Mission: To promote the appreciation of wildlife and increase harmony between humanity and nature.

On Instagram and Twitter: @unionbaywatch

Saturday, May 25, 2019

Ducklings First

 
Male Wood Ducks are one of the most beautiful birds in the world. In January, the female in this photo had the opportunity to select the suitor of her choice. 

Between January and May, priorities change for female Wood Ducks. Initially, selecting a handsome mate may be at the top of her list, but along the way egg-laying, incubating and ultimately the safety of her young becomes the top priority. On Monday, this female had clearly moved on.

Nearby carp were thrashing about and spawning in the shallow waters of Duck Bay. The noisy fish certainly looked big enough to swallow a duckling whole.

The beauty of a male Wood Duck, hanging out on a nearby log, was no longer relevant.

There was no sign of affection when the female charged the handsome male and chased him off the log.

She must have decided that the elevated perch would provide a safe haven for her young. Soon the ducklings began joining their mother. One, two, three...

 ...four, five six...

...ultimately, all seven left the water. While the early birds preened, the stragglers slowly ascended the log.

The last duckling struggled a bit trying to find an elevated opening between its siblings.

Finally, with all seven on top of the log, I suspect the hen counted them just to be sure.

However, young creatures are seldom patient and still.

Soon the ducklings were slipping and sliding back into the water.

Close by, the carp continued to splash. The threat had not gone away. Plus, the fish were not the only problem. American Crows, River Otters, Red-tailed Hawks, Bald Eagles, and many others could easily make off with a duckling. 

(There are also environmental threats. For example, later in the week, I came across another female Wood Duck calling loudly from under a willow along the water's edge. For twenty minutes, she called incessantly while circling back and forth between logs, mostly hidden under the foliage. Finally, just as she and her twelve ducklings emerged into view, she quieted down. A bystander surmised that one of her ducklings must have been temporarily caught among the logs and unable to get free. The mother kept up the distress calls until all of her young could proceed together.)

On Monday, all but one of the fallen ducklings made it back to safety and then...

...finally, the last duckling circled to the far end of the log and climbed up out of the water.

In the end, when the mother felt it was safe she led her young ones away from the shallow, carp-infested waters of Duck Bay. 

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This week's post is dedicated to the half a dozen volunteers who have been rising early to watch Wood Duck boxes. Since early March, our all-inspiring hope has been to watch young ducklings as they leave the nest for the first, and only, time. Amazingly, when the ducklings are only one day old they are ready and able to climb out of their nesting cavity and fall to the surface below, regardless of the height.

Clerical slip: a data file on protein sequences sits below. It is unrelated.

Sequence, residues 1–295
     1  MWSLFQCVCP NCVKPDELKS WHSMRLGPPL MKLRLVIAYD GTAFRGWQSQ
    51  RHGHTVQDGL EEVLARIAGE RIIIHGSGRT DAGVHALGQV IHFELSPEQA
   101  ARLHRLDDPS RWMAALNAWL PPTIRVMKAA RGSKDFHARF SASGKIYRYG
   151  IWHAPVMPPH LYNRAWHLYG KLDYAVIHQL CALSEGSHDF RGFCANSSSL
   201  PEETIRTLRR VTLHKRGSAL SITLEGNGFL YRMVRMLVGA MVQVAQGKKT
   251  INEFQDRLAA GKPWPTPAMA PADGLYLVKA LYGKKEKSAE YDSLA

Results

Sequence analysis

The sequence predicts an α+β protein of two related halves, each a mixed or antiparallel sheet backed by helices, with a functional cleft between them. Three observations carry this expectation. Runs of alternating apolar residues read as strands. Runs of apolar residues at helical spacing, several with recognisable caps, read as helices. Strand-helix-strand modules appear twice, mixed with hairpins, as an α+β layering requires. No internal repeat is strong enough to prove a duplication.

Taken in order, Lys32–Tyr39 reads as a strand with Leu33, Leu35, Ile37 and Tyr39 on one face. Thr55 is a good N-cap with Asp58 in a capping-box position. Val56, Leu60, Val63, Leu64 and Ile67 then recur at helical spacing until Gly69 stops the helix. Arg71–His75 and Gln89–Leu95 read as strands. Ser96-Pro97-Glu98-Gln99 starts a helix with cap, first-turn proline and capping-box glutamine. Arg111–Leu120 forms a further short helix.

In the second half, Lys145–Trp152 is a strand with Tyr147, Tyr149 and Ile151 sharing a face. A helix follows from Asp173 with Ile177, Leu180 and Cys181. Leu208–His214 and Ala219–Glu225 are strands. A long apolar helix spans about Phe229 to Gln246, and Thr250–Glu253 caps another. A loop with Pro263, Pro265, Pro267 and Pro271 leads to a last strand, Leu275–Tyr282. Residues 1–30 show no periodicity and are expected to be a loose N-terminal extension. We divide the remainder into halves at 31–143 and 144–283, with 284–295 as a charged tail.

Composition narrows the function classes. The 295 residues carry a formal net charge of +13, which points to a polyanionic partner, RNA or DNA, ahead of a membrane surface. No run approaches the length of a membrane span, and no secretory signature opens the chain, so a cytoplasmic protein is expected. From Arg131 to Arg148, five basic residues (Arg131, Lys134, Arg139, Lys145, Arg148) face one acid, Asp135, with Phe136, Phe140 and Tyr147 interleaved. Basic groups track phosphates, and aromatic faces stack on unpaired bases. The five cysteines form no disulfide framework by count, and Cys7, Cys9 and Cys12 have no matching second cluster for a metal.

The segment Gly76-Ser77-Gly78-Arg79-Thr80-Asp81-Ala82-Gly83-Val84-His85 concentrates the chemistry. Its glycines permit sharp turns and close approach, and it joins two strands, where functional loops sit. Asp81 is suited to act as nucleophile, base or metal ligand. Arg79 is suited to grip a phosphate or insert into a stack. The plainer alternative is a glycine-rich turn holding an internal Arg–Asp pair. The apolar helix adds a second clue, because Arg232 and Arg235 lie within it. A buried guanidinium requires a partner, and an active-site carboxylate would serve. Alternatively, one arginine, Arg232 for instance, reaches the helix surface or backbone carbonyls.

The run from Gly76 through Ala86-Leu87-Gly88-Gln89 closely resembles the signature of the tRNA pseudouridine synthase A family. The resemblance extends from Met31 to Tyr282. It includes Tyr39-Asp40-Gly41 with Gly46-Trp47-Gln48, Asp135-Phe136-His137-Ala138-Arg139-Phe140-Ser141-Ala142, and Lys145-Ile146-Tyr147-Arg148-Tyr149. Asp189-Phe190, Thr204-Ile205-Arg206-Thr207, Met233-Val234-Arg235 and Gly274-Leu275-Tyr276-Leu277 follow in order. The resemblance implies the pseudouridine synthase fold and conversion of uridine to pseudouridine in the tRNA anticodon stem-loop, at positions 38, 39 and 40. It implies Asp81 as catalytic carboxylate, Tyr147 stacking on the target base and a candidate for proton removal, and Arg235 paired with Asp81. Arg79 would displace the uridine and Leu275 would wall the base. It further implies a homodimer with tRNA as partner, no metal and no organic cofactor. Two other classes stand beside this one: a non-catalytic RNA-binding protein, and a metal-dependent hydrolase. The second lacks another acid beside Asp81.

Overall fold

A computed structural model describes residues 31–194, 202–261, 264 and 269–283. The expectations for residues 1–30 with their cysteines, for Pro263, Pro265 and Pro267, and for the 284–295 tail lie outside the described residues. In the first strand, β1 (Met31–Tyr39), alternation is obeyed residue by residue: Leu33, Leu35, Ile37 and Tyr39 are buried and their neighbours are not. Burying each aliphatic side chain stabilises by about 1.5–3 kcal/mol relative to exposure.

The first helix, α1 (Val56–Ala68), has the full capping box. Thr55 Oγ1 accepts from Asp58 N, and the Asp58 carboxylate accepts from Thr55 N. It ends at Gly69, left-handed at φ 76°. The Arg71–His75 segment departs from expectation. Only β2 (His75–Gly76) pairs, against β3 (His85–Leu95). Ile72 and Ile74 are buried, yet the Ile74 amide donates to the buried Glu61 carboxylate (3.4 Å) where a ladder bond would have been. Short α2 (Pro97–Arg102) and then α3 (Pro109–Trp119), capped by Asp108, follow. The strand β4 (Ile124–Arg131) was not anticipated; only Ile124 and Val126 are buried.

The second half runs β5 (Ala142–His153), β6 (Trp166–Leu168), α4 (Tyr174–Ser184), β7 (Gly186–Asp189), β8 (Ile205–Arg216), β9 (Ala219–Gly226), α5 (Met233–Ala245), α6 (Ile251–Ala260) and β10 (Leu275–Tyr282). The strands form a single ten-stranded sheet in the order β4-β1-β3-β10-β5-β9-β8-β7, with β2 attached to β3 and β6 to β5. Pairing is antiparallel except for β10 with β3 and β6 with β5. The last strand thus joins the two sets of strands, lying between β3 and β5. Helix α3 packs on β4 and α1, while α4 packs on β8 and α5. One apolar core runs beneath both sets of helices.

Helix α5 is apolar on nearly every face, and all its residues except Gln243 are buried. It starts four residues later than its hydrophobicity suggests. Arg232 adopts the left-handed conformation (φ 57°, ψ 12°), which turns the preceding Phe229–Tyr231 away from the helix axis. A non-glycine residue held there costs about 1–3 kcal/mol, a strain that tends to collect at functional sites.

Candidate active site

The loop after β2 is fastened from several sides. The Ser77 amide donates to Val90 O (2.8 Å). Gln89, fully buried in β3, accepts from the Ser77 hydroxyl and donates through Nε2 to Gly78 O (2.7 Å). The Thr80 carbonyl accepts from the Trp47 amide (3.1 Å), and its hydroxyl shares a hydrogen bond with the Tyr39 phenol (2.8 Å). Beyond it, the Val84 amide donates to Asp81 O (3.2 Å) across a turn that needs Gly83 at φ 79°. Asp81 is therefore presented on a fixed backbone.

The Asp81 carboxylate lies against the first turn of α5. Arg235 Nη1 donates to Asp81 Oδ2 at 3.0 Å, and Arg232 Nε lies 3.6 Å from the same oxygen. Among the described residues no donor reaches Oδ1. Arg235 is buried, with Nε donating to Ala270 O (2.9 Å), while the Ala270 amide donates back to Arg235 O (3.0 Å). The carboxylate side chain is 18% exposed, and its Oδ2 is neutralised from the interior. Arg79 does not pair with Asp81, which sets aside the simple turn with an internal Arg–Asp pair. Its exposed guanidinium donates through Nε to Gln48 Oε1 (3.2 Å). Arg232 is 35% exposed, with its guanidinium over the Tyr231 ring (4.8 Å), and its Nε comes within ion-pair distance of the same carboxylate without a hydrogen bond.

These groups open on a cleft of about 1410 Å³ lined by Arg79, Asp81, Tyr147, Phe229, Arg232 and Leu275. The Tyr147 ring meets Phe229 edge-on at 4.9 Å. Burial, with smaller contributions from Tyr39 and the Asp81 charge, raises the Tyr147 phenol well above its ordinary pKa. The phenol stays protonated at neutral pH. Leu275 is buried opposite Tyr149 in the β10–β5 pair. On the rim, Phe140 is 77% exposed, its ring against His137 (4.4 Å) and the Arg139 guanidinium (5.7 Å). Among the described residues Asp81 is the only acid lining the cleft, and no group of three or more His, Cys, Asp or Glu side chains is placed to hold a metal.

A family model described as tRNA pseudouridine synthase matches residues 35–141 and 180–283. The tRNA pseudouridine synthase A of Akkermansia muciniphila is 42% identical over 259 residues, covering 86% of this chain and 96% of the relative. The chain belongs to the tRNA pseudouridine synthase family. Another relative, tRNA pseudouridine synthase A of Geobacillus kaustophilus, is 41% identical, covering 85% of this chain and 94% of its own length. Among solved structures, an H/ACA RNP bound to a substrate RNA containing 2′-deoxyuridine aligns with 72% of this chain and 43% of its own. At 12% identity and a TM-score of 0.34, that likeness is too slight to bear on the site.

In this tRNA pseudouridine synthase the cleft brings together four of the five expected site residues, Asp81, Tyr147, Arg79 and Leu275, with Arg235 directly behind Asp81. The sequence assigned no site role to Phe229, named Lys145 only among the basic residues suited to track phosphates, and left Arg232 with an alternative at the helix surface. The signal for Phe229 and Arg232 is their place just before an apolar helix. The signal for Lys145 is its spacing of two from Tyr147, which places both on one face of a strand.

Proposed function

The ducklings will only exit the nest if their mother calls to them. The mother hens are very secretive and careful about instigating the process. The hens only call when they feel it is safe for their young to leave the nest. This year, our team's best attempts at deducing the timing of 'wood duckling departure' did not quite succeed. However, I hope we all agree that any time spent outdoors observing nature is a positive, self-reinforcing experience which is certainly worth the investment.

Hopefully, next year our luck will improve!

By the way, it is interesting to note that our first sighting of a Wood Duck duckling last year was on May 14th. This year it was on May 13th. Nature's timing is certainly amazing!

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Have a great day on Union Bay...where nature lives in the city!

Larry

Going Native:

Without a well-funded Environmental Protection Agency, it falls to each of us to be ever more vigilant in protecting our local environments. Native plants and trees encourage the largest diversity of lifeforms because of their long intertwined history with our local environment and native creatures. I have been told that even the microbes in the soil are native to each local landscape. My hope is that we can inspire ourselves, our neighbors and local businesses to respect native flora and to support native wildlife at every opportunity. I have learned that our most logical approach to native trees and plants (in order of priority) should be to: